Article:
by Mike Mettler, resident Styxologist

Crystal Ball, Styx’s sixth studio album and the first to feature Tommy Shaw on guitar and vocals, was released 44 years ago today on October 1, 1976. Recorded at Paragon Studios in Chicago and produced by Styx with assistance from Barry Mraz, Crystal Ball reached No. 66 on the Pop Albums chart, and “Mademoiselle” (with lead vocals from Shaw) reached No. 36 on the Pop Singles chart. Crystal Ball has long been certified as Gold by the RIAA (which translates to sales of over 500,000 copies), but considering how long ago that particular certification was done (i.e., in the pre-CD and pre-digital-download era!), it’s much more than likely to have surpassed the million-selling mark at this point (and perhaps even well over 2 or even 3 million, for that matter, so we demand a recertification!).

“We knew right away Tommy was a superstar,” says original co-founding Styx bassist Chuck Panozzo about Shaw, his longtime stage and studio compatriot. “His songwriting, playing, and singing on Crystal Ball immediately elevated the band. And,” Chuck adds with a laugh, “he’s a pretty decent-looking guy too.”

Tommy had been recruited to replace original Styx guitarist/vocalist John “J.C.” Curulewski once the tour to support the band’s fifth album, Equinox, got underway in December 1975 (the month it was released). As recording commenced for the band’s next album in 1976, Shaw reached back to his days in MS Funk to emerge with key elements for songs like the quite apropos uplifting album opener “Put Me On” and the “Crystal Ball” title track itself — the latter of which, as he notes, “was a song I was playing in my $200-a-week bowling alley gig back in Montgomery, Alabama. It came to me pretty much all at once one time when I was visiting my mama at home.”

During his spoken-word intro to “Crystal Ball” at many of Styx’s most recent live shows in the moment that occurs right before he strums the song’s iconic opening notes on his acoustic guitar, Tommy affirms that he brought the track with him when he traveled up to Chicago for his band audition.

Co-founding guitarist/vocalist James “JY” Young, who was instrumental in helping Shaw and the band collectively “Styxify” the title track, understands the song’s deep resonance to this very day. “​I have a lot of people come up to me and say ‘Crystal Ball’ is their favorite Styx song. It seems to have an added layer of importance today with all of the uncertainty in the world, especially with people who are searching for deeper meaning in their own lives,” observes the always-on-point Godfather of Styx.​

As such, “Crystal Ball” remains an important fixture of the band’s longer, two-part live sets. Tommy has also seen to resurrecting some of the lyrics that were edited out of the recorded version, which now serve as the song’s live acoustic coda.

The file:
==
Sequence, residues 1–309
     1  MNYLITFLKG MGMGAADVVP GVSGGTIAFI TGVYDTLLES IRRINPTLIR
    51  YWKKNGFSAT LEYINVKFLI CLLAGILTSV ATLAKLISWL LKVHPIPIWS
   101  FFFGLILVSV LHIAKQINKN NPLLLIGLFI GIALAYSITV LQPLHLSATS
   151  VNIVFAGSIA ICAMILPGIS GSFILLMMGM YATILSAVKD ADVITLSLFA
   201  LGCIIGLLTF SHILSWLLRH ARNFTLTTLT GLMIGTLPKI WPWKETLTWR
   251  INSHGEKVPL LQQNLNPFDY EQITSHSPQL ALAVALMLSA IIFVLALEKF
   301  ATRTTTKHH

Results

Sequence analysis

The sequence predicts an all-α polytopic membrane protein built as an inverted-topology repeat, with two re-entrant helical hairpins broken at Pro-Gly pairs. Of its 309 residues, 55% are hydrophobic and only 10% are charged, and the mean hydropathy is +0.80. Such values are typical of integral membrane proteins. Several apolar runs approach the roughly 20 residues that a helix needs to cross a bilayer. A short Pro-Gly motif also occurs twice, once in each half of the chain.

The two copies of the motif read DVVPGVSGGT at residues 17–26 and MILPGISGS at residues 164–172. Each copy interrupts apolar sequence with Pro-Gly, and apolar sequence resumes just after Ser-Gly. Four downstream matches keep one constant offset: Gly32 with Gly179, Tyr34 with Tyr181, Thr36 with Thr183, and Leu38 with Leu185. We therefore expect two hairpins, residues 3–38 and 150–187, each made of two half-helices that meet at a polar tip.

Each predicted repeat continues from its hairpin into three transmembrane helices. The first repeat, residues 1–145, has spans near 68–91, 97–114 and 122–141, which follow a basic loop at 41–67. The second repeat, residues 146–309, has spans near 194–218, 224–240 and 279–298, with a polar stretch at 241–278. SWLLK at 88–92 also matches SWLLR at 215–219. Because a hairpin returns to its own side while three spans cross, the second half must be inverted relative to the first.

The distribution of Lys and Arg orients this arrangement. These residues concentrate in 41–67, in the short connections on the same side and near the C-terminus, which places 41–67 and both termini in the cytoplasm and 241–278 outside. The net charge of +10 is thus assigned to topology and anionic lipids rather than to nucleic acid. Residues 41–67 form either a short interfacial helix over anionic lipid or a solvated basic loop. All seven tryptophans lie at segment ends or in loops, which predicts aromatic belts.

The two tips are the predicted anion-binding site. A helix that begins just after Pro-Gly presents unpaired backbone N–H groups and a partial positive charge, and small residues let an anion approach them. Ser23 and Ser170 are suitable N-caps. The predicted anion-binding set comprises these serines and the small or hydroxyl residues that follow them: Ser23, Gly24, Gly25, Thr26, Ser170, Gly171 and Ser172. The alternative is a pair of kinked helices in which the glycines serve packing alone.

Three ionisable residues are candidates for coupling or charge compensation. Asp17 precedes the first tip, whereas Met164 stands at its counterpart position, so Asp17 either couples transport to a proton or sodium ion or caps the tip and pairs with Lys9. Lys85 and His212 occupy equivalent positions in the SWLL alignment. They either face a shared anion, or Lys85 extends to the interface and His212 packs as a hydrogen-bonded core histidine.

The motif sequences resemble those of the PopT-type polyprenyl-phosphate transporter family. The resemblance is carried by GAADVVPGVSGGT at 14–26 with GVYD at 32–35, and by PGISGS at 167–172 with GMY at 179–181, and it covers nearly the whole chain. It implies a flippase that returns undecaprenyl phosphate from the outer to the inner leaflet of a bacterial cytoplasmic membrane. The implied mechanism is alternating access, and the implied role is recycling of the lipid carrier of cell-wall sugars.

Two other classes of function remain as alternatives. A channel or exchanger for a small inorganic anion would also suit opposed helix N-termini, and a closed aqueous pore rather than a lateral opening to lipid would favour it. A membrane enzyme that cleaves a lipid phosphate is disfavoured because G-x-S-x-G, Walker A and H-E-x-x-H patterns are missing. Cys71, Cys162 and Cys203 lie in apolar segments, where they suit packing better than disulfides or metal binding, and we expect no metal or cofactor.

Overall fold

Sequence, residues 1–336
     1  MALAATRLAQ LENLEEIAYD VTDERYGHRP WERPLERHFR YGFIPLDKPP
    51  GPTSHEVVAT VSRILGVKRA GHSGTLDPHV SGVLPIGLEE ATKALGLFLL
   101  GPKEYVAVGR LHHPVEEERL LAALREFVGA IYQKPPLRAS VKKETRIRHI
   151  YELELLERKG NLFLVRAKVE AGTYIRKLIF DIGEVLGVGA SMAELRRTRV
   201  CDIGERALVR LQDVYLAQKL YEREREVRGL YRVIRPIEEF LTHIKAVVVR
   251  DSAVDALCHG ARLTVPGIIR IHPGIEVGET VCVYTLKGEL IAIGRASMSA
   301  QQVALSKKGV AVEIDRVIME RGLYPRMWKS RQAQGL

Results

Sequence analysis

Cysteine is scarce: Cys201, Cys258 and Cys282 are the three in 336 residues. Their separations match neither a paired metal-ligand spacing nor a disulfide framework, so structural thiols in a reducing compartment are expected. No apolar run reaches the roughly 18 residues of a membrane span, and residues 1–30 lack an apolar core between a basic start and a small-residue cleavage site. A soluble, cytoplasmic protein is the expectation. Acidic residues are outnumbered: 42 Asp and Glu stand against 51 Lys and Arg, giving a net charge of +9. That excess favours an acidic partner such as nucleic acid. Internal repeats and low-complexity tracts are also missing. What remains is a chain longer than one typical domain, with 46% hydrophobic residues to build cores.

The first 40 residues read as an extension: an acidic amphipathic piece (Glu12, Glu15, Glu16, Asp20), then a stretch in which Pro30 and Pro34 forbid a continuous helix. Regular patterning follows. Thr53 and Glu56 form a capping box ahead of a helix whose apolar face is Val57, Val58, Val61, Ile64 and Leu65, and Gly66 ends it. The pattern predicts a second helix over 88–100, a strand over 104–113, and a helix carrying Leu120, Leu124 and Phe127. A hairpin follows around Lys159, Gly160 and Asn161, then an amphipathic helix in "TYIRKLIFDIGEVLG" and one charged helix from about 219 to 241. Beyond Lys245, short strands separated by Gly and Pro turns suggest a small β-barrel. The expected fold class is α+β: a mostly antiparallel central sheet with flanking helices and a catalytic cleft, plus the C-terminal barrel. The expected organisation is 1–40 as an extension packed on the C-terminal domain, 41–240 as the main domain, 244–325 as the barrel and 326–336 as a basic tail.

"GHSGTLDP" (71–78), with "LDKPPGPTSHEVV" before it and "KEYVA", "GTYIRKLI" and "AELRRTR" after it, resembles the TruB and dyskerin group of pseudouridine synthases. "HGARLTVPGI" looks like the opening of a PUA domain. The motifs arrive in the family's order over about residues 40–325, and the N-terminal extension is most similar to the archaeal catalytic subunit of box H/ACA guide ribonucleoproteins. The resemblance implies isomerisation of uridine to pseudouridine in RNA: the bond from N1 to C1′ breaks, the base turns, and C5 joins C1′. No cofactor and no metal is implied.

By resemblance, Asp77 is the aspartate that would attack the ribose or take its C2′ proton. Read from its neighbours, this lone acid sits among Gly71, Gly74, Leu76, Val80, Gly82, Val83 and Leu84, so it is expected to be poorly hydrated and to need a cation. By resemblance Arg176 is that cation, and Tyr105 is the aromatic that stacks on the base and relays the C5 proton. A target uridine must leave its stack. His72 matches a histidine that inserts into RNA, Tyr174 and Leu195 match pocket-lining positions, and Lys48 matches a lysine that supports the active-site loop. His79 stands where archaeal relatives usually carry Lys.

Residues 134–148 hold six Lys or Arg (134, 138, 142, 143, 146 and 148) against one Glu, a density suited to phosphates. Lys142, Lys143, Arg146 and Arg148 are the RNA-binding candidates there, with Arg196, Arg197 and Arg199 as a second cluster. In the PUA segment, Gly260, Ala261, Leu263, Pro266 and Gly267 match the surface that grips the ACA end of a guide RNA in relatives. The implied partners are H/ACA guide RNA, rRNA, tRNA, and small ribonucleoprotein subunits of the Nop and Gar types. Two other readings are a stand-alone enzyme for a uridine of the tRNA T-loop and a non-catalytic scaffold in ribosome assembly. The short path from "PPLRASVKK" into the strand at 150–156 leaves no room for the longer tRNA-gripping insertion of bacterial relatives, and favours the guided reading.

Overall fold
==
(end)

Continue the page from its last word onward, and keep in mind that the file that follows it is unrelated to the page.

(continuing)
You can see an example of just how Tommy adds those long-lost lyrics back in during his solo performance of “Crystal Ball” with the Contemporary Youth Orchestra (CYO) on the Sing for the Day! Blu-ray/DVD release, which was recorded in Cleveland back on May 27, 2016. Sing for the Day!, which is also available on CD and via digital platforms, was released by Eagle Rock Entertainment on June 29, 2018.

One lifelong fan of “Crystal Ball” is Loverboy lead singer Mike Reno. “It’s one of my favorite songs,” Reno readily admits. “That song is a total inspiration to me. When I was living in Calgary and playing in a bar band, I was hoping I could be like Styx someday and write songs that good myself. And now I’m proud to call Tommy my friend.”

Elsewhere on the album, Dennis DeYoung masterfully performed French composer Claude Debussy’s impressionistic 1890 instrumental “Clair de Lune” (which translates to “moonlight,” and was inspired by French poet Paul Verlaine’s 1869 poem of the same name) on piano as the intro to the album’s final heartfelt track on Side 2, “Ballerina,” which immediately followed “This Old Man,” a poignant tribute to DeYoung’s father.

Meanwhile, the beginning of Side 2 gets ushered in with “Shooz,” a catchy finger-snapper of a song featuring some Southern-flare slide guitar courtesy of Alabama native Shaw, as counterbalanced by JY’s patented Hendrixian fire. “I think they were only going to let me have one of those moments on the album,” chuckles Tommy. Adds JY, “I do love The Allman Brothers — and I’m not sure if we did them justice, but that was our attempt to go there. Our style had already been established, but Tommy was known for doing that kind of stuff in the clubs. I actually hoped we could have moved the band more in that direction."

Incidentally, if you happen to like hearing that kind of Allman Brothers-inspired vibe, keep your ears peeled for whenever Tommy and JY play certain riffs in tandem together on “Man in the Wilderness” and “Radio Silence” during most of Styx’s live sets in recent years. In the meantime, please enjoy the many aural gifts Crystal Ball continues to offer. There are so many things I need to know. . .